Table of Contents
ISRN Machine Vision
Volume 2012, Article ID 163285, 11 pages
Research Article

Local Stereo Matching Using Adaptive Local Segmentation

Signals and Systems Group, Department of EEMCS, University of Twente, Hallenweg 15, 7522 NH Enschede, The Netherlands

Received 23 March 2012; Accepted 3 May 2012

Academic Editors: A. Bandera, E. Davies, B. K. Gunturk, S. Mattoccia, and Y. Zhuge

Copyright © 2012 Sanja Damjanović et al. This is an open access article distributed under the Creative Commons Attribution License, which permits unrestricted use, distribution, and reproduction in any medium, provided the original work is properly cited.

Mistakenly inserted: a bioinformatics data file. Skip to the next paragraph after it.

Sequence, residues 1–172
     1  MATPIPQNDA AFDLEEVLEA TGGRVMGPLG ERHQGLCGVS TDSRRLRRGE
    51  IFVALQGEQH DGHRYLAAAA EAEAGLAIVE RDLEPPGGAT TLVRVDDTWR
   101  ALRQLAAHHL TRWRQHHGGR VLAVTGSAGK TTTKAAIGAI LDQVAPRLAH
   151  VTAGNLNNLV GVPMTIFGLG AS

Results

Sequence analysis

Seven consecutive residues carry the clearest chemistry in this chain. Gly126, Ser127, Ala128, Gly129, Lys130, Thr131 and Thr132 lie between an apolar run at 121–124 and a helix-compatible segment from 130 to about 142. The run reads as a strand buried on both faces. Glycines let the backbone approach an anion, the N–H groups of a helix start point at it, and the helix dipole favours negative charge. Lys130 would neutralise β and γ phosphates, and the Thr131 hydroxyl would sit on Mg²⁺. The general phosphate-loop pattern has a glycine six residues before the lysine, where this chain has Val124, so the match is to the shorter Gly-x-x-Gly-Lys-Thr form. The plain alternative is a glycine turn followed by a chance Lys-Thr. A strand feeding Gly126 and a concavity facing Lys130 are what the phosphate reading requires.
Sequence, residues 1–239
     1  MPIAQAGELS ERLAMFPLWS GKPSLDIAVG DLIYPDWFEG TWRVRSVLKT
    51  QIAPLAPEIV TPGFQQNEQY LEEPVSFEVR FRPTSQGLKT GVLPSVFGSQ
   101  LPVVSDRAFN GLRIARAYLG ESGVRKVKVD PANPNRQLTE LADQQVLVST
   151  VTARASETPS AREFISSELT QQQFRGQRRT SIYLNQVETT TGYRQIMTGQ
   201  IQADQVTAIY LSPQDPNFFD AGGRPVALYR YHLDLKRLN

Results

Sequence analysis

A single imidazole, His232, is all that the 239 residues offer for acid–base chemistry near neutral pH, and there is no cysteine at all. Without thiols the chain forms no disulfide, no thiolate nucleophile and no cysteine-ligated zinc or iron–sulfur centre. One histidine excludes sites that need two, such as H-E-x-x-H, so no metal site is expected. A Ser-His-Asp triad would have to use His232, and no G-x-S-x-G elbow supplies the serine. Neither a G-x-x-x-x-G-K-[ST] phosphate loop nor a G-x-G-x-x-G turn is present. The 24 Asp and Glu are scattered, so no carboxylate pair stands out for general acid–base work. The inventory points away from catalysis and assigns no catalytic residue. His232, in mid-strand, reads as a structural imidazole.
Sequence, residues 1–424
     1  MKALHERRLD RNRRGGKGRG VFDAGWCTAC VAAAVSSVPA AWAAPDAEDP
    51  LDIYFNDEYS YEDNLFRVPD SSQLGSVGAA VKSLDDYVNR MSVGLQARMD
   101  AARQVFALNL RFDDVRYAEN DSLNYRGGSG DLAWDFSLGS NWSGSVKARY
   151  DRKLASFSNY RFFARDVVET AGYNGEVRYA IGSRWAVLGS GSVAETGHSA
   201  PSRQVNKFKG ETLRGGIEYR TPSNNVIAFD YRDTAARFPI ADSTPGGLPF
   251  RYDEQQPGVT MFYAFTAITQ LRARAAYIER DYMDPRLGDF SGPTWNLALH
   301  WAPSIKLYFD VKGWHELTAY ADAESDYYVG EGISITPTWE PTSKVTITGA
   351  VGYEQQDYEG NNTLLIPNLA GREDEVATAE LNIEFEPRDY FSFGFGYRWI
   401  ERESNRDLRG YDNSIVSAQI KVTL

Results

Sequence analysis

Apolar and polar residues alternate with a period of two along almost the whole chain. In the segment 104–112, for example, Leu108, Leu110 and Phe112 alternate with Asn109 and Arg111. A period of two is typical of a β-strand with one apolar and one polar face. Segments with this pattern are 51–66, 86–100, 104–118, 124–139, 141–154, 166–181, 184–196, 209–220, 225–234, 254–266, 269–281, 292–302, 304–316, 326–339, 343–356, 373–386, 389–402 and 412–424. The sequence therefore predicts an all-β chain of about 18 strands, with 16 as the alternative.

We propose a new dense local stereo matching framework for gray-level images based on an adaptive local segmentation using a dynamic threshold. We define a new validity domain of the frontoparallel assumption based on the local intensity variations in the 4 neighborhoods of the matching pixel. The preprocessing step smoothes low-textured areas and sharpens texture edges, whereas the postprocessing step detects and recovers occluded and unreliable disparities. The algorithm achieves high stereo reconstruction quality in regions with uniform intensities as well as in textured regions. The algorithm is robust against local radiometrical differences and successfully recovers disparities around the objects edges, disparities of thin objects, and the disparities of the occluded region. Moreover, our algorithm intrinsically prevents errors caused by occlusion to propagate into nonoccluded regions. It has only a small number of parameters. The performance of our algorithm is evaluated on the Middlebury test bed stereo images. It ranks highly on the evaluation list outperforming many local and global stereo algorithms using color images. Among the local algorithms relying on the frontoparallel assumption, our algorithm is the best-ranked algorithm. We also demonstrate that our algorithm is working well on practical examples as for disparity estimation of a tomato seedling and a 3D reconstruction of a face.